During the Covid years and immediately before he had a stroke which limited his social interactions and closed him off to the world at large, he became an even more voracious reader.

Bedi knew he was an anachronism in modern cricket’s business structure and preferred it that way. He was, first and foremost, a man of principle. One of my last conversations with him was a long one about cricket’s altered ecosystem. He listened to me patiently and reminded me, “Your point? Ecosystems change. Excellence remains.”

In every way, Bedi was classic. Rest in peace, sir. You remain not only one of India’s most celebrated, but also one of its most treasured cricketing icons.

‘Bedi was the one who brought team together’

Manuja Veerappa, Oct 24, 2023: The Times of India

Bengaluru : Bishan Singh Bedi, cricketer par excellence, a fearless leader on and off the field. He was a man who brought the team together, in victory and defeat.

In an interview with TOI a few years ago, batting stalwart GR Viswanath had said on team bonding, “In Test cricket, we used to meet in the bar (after the day’s play). Bishan (Singh Bedi) was the person who brought us together. We would meet at 7pm and discuss what happened that day, we wouldn’t go deep into what might happen the next day. Tomorrow happens, but you don’t sit on it. Everyone, irrespective of whether they drank or not, came. Nobody questioned.”

The late sixties was the golden period in Indian cricket with the emergence of the spin quartet of EAS Prasanna, BS Chan drasekhar, S Venkataraghavan and Bedi. In fact the last three made their India debut in the span of two years — 1964 to 66. Bedi was the last among the four to make his debut. For a decade and a half, the quartet un leashed terror with craft and skill, even as they jostled for a place in the team.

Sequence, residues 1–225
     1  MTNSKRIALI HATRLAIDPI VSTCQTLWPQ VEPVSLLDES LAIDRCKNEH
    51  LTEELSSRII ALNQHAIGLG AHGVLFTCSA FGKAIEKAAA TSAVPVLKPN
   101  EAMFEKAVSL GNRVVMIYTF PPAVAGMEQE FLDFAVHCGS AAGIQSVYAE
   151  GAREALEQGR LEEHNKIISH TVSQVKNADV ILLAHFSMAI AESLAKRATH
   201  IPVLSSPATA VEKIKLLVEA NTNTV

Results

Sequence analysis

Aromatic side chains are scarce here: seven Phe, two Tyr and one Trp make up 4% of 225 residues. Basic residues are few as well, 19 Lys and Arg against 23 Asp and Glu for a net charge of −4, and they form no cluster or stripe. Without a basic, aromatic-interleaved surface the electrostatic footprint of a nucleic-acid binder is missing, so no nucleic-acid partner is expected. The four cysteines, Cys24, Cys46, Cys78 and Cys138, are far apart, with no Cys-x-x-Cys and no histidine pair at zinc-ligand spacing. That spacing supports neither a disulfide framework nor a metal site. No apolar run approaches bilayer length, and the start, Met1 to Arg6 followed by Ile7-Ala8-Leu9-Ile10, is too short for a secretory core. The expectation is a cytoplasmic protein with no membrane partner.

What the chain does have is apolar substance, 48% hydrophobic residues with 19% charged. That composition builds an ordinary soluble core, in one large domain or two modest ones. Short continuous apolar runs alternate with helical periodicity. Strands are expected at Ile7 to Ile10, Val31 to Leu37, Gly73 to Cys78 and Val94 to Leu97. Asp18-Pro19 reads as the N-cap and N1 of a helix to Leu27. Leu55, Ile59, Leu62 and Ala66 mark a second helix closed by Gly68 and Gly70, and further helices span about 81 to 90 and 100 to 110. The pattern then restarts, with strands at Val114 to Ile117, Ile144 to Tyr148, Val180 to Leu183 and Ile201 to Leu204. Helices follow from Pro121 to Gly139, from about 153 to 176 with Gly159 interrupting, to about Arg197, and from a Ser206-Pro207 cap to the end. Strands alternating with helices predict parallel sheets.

Among the many close bonds that Bedi developed was with his senior Prasanna.

Overcome by emotions, Prasanna said, “I don’t know how to react. I’m lost for words. The passing of Bishan is a great loss for Indian cricket. For over five decades we shared more than friendship.”

“He was a wonderful human being, who despite his tremendous achievements remained humble and grounded,” the 83-yearold said, “He was always there when someone reached out to him. His contribution to Indian cricket is unparalleled. He’s worn many hats with distinction — champion player, captain, manager and selector among others. The roles have been plenty but the goal was always betterment of Indian cricket.”

“I’m deeply shocked by the demise of Bedi,” legendary leg spinner Chandrasekhar said. Recalling his association with Bedi, the 78-year-old said, “Every tour with him was enjoyable. He was so full of life and such great company. He was a very good-hearted person, on and off the field.”
Chandra added, “There was no rivalry between us. We celebrated with each other.”